ISL: Time we saw some gains for Indian football

Though it has created a considerable amount of excitement, the ISL has done little to yank the country’s football from the vicious grip of mediocrity. But the reduction of the number of foreigners in the squad from 11 to eight, and five in the playing XI should open more doors for Indian players to showcase their talent.

Head Coaches all... JFC’s Steve Coppell, ATK’s Teddy Sheringham, DDFC’s Miguel Portugal and NEUFC’s Joao de Deus with the trophy during the Hero Indian Super League - 4 media day held in Kolkata on November 12.   -  ISL / SPORTZPICS

"Rome wasn’t built in a day.” The edifice of every success story took years of painstaking hard work where each brick was layered one at a time to achieve a meaningful legacy. While the lure of immediacy often leads to shortsighted blunders, the foresight to plan and then execute a winning work habitually eludes human nature. In our haste to quantify and announce our accomplishments to peers even at the onset, we neglect to find ways to sustain the drive of even the noblest of endeavours.

The razzmatazz of novelty and the presence of ageing luminaries lent a glowing halo to the first three seasons of the Indian Super League, the kind of show previously unseen or unheard of in Indian football. The pomp and pageantry, however, have done little to yank the country’s football from the vicious grip of mediocrity. While the stars earned their last pay cheques and the fans lapped up the chance to see an Arsenal or Liverpool legend, the footballers of the country found little game time — in crucial positions — to build their confidence.

The six foreigners, five Indians rule — to begin with — made Indian players a minority in the League, with the locals finding little scope to have an extended role in key areas like central midfield or the striking zone.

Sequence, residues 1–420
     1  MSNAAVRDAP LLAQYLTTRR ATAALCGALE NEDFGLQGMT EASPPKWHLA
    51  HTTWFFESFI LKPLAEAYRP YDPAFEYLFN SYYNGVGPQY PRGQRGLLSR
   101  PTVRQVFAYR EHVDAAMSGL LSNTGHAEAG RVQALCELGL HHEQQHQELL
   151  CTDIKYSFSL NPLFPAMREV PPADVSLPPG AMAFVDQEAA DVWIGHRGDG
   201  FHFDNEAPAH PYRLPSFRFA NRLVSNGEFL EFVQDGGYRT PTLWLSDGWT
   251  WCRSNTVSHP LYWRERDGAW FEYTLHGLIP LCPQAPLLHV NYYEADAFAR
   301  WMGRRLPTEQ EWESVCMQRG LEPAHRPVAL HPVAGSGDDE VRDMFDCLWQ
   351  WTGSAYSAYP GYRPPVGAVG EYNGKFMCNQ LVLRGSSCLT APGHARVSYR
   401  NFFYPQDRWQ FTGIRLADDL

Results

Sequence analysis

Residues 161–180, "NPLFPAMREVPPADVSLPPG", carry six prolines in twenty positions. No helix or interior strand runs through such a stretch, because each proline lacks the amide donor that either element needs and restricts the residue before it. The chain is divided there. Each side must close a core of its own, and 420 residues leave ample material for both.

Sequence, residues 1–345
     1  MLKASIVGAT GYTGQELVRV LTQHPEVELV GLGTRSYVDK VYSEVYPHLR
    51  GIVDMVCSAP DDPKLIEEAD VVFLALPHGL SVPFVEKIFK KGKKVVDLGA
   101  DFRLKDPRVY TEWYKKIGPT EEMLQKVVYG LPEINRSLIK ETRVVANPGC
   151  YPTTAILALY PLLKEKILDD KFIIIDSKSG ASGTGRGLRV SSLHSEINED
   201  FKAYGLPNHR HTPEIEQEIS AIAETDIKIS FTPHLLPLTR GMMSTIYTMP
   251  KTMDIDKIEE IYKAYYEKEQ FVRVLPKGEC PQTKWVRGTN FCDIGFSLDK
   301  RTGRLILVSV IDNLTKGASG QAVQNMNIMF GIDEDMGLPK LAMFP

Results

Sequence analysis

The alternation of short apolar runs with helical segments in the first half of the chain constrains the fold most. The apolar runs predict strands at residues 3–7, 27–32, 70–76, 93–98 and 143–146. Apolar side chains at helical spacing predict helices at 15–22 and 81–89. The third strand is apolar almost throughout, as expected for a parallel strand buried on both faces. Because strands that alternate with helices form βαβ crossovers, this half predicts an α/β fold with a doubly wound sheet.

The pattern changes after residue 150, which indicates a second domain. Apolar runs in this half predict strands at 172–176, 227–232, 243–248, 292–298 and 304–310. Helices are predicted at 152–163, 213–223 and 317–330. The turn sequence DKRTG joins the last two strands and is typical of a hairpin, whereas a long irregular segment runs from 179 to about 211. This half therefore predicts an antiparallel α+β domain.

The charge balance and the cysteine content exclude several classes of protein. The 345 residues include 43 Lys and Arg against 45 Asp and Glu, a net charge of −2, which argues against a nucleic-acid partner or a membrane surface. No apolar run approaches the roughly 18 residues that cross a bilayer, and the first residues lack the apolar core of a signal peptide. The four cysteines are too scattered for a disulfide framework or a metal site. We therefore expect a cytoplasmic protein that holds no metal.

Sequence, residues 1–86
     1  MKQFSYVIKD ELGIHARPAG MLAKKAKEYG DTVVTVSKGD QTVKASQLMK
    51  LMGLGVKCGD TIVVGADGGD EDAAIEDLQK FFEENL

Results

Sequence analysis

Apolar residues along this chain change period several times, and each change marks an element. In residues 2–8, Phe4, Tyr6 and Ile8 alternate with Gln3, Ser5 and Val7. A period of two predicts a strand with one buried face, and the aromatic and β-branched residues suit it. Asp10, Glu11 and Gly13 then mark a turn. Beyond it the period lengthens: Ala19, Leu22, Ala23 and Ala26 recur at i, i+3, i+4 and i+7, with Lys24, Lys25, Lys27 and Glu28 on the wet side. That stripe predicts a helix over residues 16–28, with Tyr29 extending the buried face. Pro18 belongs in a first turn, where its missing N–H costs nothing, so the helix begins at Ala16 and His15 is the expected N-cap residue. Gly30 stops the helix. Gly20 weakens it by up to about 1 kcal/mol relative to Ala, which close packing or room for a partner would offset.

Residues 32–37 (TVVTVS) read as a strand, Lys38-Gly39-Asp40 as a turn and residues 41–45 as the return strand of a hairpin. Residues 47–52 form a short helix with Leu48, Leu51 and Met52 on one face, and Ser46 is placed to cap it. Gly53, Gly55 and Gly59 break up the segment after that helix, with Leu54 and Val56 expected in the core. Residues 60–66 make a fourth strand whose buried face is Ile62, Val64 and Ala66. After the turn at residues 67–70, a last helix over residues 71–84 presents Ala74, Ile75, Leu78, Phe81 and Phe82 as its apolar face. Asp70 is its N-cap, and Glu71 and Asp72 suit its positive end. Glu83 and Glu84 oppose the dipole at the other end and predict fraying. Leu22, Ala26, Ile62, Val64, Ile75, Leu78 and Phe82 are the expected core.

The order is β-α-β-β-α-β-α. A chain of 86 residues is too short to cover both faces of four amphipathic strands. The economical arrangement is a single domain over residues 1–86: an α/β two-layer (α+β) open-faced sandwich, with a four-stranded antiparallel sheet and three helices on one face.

READ: Experts on ISL's impact

Only one Indian, Chennaiyin FC’s Jeje Lalpekhlua (4 goals in 13 matches) found a place in the top goal-scorers’ list in the first ISL campaign of 2014.

Jeje often partnered countryman Balwant Singh in the Chennai frontline, but he was also indebted to the defence-splitting passes provided by Elano Blumer and Stiven Mendoza, not to forget the promptings by Bernard Mendy from the deep. His good show was also attributed to the long run granted to him by the Italian manager Marco Materazzi. While the Mizoram lad played 895 minutes of football, the second highest Indian scorer was FC Goa winger Romeo Fernandes (3 goals from 880 minutes), followed by Atletico de Kolkata midfielder Cavin Lobo (2 goals from 293 minutes) and forward Baljit Saini (2 goals from 1282 minutes).

Overall, the tournament, which saw 131 strikes, had only 20 Indians scoring, accounting for 27 goals.

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The introduction of the country’s all-time leading scorer Sunil Chhetri changed the scenario dramatically in the 2015 season, with four Indians finding space in the top-10 scorers’ chart. Chhetri led the line with seven goals from 11 matches or 990 minutes of play (joint-third in the list), followed by Jeje (6 goals from 874 minutes), Izumi Arata (5 from 716) and Mohamed Rafi (4 from 539). The total number of Indian scorers, however, stood at 20, with them accounting for 48 of the 186 goals of the season. Last year, C. K. Vineeth (5 goals from 806 minutes) and Kean Lewis (4 from 1160) were the only two local players in the top-10 chart. The season saw a huge slump with 20 Indians mustering only 33 goals.

John Johnson of Bengaluru FC, Bruno Filipe Tavares Pinheiro (FC Goa), Lucian Goian (Mumbai City FC), Henrique Sereno (Chennaiyin FC), Marcelo Leite Pereira (FC Pune City) and Iain Hume (Kerala Blasters FC) strike a pose during the Indian Super League - 4 media day in Mumbai on November 10.   -  ISL/ SPORTZPICS

 

“It’s all about the combination. It’s not that the Indians cannot score, players like Sunil and Jeje have proved that,” the AIFF technical committee member, Henry Menezes, says. “We have to keep in mind that the ISL is a competitive league and every owner wants to win the trophy. So they pick the strongest players for positions that matter. You have to be cut-throat in a competition setup and it leaves very little room for development.”